The defences pleaded by Argentina in both cases are different in content. Hence the application also differs. Under Article XI of the BIT, upon the fulfilment of the conditions therein, the substantive provisions of the BIT do not apply. In contrast, parties may only revert to Article 25 when a breach of the substantive provisions has been held. The Tribunal should, therefore, conduct its analysis in the following order: first, evaluate the obligations under the BIT and find a breach, then assess the exceptions provided under the BIT and find that they do not apply; after which it may evaluate the exception under Article 25. This is because Article 25 is applicable when a state is found to have wrongfully acted, a finding which is a result of the application of both the treaty obligation and the treaty exception.
The Tribunal in Continental Casualty Company v Argentina rightly contrasted the exception under Article XI of the BIT and that under Article 25 as being primary and secondary law respectively. Treaties are considered to be superior to custom, as they reflect the express agreements of states. It is therefore not only logical, but also expected under international law, that where treaty provisions govern the relations between states, the same should be considered before referring to secondary sources such as customary international law.
This order of analysis is further supported by the lex specialis rule, which requires that the more specific laws be analyzed before resorting to the more general provisions. In this case, Article XI of the BIT was specific to the relations agreed upon in the BIT, hence it should be evaluated before Article 25, which refers to general relations between states. The Tribunal in Continental Casualty Company v Argentina correctly pointed out that application of Article XI could render superfluous (as it did), a detailed examination of the defence under Article 25.
In light of the discussions above, we can conclude that the Tribunal in Continental Casualty Company v Argentina better assessed and applied Article XI of the BIT to the dispute. It clearly distinguished between the requirements of Art. XI and Article 25, and assessed them in an order that is both logical and consistent with rules of interpretation of international law.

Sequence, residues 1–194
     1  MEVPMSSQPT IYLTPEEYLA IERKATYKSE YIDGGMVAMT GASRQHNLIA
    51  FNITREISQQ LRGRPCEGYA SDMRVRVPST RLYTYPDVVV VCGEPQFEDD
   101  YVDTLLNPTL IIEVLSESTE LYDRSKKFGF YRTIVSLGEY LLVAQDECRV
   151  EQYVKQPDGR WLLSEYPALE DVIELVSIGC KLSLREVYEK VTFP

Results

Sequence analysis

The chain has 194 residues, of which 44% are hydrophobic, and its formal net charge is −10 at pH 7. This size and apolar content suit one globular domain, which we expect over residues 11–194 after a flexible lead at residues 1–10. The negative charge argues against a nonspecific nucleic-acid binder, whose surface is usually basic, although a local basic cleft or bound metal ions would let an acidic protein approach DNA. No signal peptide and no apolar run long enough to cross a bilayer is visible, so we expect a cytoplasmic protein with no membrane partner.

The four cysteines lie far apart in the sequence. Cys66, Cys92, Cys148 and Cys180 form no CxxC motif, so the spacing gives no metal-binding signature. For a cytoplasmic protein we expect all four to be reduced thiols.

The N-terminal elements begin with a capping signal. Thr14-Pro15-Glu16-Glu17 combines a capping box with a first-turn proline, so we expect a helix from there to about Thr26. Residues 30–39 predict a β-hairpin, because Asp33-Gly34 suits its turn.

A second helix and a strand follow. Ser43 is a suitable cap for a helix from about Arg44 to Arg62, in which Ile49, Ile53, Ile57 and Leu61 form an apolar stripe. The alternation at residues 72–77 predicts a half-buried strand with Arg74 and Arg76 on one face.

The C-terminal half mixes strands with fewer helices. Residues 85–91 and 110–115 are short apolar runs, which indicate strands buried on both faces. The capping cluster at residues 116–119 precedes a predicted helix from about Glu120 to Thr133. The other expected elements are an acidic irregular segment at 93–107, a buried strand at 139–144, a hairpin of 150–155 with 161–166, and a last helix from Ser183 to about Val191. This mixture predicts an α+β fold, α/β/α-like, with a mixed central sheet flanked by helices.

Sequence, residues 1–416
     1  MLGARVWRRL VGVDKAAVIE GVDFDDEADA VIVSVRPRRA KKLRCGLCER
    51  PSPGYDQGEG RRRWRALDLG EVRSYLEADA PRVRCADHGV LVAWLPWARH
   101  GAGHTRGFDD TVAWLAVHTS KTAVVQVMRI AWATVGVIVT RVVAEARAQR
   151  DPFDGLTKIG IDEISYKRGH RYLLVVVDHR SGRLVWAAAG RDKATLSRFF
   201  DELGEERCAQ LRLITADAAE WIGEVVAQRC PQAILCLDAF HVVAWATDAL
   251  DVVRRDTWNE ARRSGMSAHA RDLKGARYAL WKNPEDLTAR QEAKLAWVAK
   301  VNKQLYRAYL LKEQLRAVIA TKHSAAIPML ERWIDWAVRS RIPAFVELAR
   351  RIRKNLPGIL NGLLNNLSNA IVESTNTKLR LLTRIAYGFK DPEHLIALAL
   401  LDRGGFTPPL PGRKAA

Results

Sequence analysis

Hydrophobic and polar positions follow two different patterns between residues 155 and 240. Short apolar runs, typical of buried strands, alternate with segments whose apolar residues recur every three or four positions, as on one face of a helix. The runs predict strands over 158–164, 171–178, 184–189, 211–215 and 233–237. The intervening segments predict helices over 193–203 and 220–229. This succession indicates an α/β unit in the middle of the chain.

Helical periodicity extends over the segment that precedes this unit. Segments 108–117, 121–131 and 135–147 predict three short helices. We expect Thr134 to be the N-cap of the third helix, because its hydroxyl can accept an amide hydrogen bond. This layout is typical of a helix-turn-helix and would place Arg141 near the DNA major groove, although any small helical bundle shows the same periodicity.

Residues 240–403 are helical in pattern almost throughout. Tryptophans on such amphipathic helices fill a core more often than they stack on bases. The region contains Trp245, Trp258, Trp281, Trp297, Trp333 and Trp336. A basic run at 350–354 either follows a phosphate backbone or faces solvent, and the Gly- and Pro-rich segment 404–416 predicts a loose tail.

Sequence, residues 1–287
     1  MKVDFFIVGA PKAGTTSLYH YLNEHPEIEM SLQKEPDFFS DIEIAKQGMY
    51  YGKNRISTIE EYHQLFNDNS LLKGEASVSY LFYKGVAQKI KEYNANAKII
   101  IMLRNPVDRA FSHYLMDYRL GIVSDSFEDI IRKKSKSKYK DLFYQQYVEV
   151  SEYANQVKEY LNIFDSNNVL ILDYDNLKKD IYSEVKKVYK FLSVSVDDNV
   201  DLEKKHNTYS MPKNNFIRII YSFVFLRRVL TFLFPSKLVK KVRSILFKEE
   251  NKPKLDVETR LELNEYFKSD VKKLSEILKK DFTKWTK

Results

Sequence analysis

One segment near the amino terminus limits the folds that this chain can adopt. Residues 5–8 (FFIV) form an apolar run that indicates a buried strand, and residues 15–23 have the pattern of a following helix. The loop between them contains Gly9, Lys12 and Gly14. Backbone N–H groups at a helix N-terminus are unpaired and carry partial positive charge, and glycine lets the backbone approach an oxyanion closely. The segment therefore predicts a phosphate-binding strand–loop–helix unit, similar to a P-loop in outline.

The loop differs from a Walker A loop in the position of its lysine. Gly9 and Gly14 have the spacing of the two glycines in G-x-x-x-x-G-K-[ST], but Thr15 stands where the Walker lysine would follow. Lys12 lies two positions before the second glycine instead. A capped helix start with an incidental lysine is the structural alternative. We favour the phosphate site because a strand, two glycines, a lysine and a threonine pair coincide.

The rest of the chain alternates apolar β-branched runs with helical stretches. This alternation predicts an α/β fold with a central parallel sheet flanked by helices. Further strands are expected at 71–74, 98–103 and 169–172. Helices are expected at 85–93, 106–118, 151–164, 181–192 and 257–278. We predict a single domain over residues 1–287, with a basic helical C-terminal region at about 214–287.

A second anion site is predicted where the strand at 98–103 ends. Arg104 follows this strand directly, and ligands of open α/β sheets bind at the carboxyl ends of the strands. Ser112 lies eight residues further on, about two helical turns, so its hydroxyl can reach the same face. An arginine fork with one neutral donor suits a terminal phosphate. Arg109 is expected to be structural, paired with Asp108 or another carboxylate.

The Tribunal in CMS Gas Transmission Company v Argentina, on the other hand, did not distinguish or explain the relationship between the two provisions. It treated them in equal footing and assessed the customary law defence before that provided by the treaty. This, in addition to its wanting analysis of the necessity requirement under Article XI of the BIT, undermines the quality of its award.
That said, the necessary analysis conducted in Continental Casualty Company v Argentina relies heavily on WTO jurisprudence on general exceptions. While this is beneficial since the latter is tested repeatedly, one should caution that the structure and requirements of exceptions under the BIT vis-à-vis Article XX of the GATT 1994 and Article XIV of the GATS are different. The WTO provisions contain a chapeau, which juridical bodies evaluate after the necessity analysis. Its purpose is to check for ‘misuse or abuse’ of the exceptions. The jurisprudence under Article 2.2 of the TBT Agreement has settled that even where there is no explicit discrimination, juridical bodies should assess measures for even-handedness in application in order to determine whether detrimental impact stems from a ‘legitimate regulatory distinction’. This test was developed to deal with the lack of a chapeau in the said provision. Tribunals interpreting Article XI of the U.S- Argentine BIT could, therefore, adopt this approach, and assess the even-handedness of application of the measures necessary to protect the objectives pleaded, and to ensure the exception is applied in good faith.